Michigan city declares state of emergency due to lead-contaminated water
Officials in Benton Harbor, Michigan, announced a state of emergency earlier this week in an ongoing effort to replace the city's lead pipes, CNN reports.
Driving the news: The state of emergency, enacted by the City Commission on Monday, was intended to trigger a full-government approach to replace several lead pipes that have contaminated the city's water supply.
- A water main break occurred in Benton Harbor on Tuesday, ultimately resulting in the loss of water pressure across the city, per the Michigan Department of Health and Human Services.
- As of this week, more than 71,000 cases of free bottled water had been distributed to Benton Harbor residents since the crisis erupted in September, according to the department.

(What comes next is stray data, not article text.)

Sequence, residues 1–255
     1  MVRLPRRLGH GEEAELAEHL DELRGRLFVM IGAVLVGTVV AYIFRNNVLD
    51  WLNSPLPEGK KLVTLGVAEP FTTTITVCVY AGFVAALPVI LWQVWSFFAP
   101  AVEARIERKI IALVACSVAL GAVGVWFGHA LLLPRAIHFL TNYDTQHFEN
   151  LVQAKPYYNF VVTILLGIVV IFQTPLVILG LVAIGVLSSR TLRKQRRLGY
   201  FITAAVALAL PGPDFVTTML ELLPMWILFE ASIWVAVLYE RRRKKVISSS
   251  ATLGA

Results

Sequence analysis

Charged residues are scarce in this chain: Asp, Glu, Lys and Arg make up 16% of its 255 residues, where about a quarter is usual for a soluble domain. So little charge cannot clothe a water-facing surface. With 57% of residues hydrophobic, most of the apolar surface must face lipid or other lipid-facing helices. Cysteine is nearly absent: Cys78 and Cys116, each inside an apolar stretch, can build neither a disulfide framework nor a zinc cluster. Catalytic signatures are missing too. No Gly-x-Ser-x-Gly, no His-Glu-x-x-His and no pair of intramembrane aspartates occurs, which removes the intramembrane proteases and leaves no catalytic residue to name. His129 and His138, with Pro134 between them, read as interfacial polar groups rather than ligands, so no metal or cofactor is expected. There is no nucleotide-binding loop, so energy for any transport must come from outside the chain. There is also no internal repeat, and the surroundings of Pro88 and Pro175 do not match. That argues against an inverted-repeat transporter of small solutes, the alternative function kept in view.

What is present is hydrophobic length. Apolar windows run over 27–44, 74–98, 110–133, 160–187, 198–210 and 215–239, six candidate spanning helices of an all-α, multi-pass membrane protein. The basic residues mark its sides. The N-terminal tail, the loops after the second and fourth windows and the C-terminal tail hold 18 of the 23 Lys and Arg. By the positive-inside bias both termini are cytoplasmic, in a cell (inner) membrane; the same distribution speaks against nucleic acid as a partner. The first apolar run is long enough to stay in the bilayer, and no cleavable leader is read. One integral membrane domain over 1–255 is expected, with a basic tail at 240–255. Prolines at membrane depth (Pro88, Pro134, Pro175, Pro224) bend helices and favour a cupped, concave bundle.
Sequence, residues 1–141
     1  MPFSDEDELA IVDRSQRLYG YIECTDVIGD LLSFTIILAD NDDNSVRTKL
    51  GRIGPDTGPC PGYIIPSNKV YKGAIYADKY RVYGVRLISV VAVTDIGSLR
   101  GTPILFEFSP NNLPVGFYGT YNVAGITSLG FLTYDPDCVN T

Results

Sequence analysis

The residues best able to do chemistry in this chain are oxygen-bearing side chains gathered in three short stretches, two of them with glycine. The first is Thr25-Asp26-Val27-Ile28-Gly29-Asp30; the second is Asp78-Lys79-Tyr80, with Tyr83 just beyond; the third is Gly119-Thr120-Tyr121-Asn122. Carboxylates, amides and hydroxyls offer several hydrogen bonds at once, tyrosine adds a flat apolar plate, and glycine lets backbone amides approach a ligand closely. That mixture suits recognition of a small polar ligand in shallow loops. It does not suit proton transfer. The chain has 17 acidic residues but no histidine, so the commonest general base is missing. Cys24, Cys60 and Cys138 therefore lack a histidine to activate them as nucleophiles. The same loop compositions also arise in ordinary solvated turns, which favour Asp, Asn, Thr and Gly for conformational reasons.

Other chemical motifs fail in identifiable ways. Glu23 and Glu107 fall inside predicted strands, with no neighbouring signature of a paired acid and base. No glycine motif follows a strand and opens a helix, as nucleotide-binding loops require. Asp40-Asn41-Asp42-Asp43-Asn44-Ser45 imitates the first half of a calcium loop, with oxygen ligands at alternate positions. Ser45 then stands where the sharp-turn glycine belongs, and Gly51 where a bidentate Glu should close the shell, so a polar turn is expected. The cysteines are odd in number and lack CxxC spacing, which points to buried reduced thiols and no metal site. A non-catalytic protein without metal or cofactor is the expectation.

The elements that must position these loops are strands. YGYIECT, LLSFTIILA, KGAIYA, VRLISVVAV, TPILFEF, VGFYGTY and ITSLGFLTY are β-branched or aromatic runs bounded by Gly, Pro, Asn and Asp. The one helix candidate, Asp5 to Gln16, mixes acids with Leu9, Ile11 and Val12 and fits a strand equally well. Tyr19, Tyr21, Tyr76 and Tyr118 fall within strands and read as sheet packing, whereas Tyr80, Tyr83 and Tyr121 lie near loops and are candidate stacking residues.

- Michigan Gov. Gretchen Whitmer (D) called on the state legislature to provide an additional $11.4 million investment to assist in replacing the city's lead pipes.
What they're saying: "We understand that Benton Harbor residents are going through very stressful times," Elizabeth Hertel, Michigan Department of Health and Human Services director, said in a statement.
- "I want them to know that the state is fully committed to making sure that families have access to clean water," she added.
- "Every Michigander deserves safe drinking water," Whitmer said in a press release Tuesday. "We will not rest until every parent feels confident to give their kid a glass of water knowing that it is safe."